Wise-ass comments in the checkout line

One of our fun little games at the front end of our store is – when a customer is being especially rude, disrespectful or generally irritating – to come back with a wise-ass comment that is satisfying without getting us in trouble or written up.  Then, when you  get a little break in the action, you go to a colleague and say, “You won’t believe what I said to this guy….  Yeah I got away with it – he never knew what hit him.  He just walked away confused.”  This restores your dignity and your enjoyment of the work.

cashier - stressed

How do you regain your dignity when a rude customer stresses you out?

The other day a woman apparently thought that I was too speedy or off-center. (Cashiering when the store is busy is manic work if you are trying to stay sharp, non-robotic.)  When it was her turn to stand in front of me, she said “OK, now stop.  Take a deep belly breath – now let it out.”  I did all this dutifully, then said “OK, now are we going to meditate together? Sufi dancing?” It was just disrespectful enough to be fun, but not to make her talk to a manager.

Two days ago I was working with a woman customer who I would have thought was too young to easily take offense, but I think she just didn’t understand the meaning of my word.  She was being pretty funny with a little edge and I said, “You’re kind of a wise-butt, aren’t you?”  She obviously didn’t understand how genuinely respectful this word is for me (is it a generational thing in how we use the word?) and took offense.  She looked at the guy she was with and said, “Oh, I’m a wise-butt, am I?”  It took a lot of walking-back of that remark (“I’m a wise-butt – I really think it’s great.”) to assuage her.  I think we finally got on the same page, because before she left I made bold to teach her a silly little made-up song, to the tune of I think a Monty Python song “He’s a lumberjack”: “I’m a wise-butt and that’s OK.”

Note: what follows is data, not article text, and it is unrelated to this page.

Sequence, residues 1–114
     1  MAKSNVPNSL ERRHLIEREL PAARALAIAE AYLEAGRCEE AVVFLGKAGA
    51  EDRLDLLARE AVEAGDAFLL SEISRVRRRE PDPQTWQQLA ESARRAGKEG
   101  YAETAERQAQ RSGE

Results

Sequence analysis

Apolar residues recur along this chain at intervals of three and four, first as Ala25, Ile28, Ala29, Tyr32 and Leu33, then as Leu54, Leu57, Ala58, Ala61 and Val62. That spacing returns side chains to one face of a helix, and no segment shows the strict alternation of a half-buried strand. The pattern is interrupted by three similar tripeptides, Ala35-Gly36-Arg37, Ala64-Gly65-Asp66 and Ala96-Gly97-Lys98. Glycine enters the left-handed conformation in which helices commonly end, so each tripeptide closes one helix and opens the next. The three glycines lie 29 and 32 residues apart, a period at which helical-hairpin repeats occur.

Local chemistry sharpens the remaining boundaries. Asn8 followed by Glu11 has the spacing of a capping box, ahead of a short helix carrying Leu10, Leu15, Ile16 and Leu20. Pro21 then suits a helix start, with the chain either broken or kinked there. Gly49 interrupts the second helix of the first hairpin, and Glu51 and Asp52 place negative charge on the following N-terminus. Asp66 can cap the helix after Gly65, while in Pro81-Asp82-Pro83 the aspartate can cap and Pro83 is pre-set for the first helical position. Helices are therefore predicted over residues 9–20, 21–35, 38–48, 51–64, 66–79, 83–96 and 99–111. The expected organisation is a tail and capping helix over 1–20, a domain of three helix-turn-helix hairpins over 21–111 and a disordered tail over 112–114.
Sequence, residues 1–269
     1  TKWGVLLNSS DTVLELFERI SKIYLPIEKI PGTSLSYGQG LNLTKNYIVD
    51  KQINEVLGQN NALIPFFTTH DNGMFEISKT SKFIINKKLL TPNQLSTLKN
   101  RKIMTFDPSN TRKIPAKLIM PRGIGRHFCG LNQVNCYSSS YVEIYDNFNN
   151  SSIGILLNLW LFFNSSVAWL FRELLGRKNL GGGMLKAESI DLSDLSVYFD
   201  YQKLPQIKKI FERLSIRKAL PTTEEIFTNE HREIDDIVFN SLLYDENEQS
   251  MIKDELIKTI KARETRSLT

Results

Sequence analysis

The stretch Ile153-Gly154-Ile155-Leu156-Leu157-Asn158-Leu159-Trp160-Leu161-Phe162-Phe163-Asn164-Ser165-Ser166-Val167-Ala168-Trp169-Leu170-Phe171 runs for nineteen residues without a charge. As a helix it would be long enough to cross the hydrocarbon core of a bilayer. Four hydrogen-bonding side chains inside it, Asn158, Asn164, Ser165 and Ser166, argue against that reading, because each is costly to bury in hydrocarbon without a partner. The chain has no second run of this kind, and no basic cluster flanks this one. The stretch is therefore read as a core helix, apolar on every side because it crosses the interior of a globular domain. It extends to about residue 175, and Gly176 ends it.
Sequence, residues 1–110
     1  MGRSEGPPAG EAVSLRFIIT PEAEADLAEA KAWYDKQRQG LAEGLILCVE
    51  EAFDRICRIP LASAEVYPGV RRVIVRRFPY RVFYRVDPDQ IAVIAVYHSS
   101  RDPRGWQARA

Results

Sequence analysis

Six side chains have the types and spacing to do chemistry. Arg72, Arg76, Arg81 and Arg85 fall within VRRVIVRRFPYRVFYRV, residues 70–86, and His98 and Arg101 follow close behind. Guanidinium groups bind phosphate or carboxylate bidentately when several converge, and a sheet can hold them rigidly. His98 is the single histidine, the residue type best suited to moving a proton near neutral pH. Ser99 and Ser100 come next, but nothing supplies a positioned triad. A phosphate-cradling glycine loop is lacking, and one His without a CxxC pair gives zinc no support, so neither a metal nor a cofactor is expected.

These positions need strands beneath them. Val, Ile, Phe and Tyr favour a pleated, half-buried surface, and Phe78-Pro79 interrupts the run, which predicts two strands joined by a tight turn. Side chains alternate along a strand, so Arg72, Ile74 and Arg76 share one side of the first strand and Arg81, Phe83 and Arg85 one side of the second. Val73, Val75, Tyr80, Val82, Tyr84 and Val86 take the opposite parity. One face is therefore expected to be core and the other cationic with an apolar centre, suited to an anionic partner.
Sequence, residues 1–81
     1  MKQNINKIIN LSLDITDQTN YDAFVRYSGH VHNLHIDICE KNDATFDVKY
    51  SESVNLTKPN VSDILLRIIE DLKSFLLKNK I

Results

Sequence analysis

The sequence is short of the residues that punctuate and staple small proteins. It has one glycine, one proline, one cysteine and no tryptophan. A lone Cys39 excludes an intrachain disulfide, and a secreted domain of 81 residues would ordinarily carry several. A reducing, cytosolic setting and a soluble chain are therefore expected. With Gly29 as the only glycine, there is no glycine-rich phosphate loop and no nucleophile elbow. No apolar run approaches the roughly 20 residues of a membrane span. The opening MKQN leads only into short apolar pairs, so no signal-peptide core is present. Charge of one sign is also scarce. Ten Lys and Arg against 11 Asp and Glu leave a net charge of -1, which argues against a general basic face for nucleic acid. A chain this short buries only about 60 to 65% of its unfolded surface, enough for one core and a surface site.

I won’t give up being a wise-ass – it’s too satisfying, makes the time pass.  And, since I came back from my year-long sabbatical, I am more of a wise-ass than before – to an extent that really does feel a little dangerous but makes me proud.  Maybe it’s in part because I feel really respected and appreciated by the store manager: if somebody complains about a little joke, I think he’ll roll with it or maybe also get the joke.  But I actually do want to stay centered enough to not go over the edge and be genuinely offensive or not correctly estimate if this person can take some kidding.

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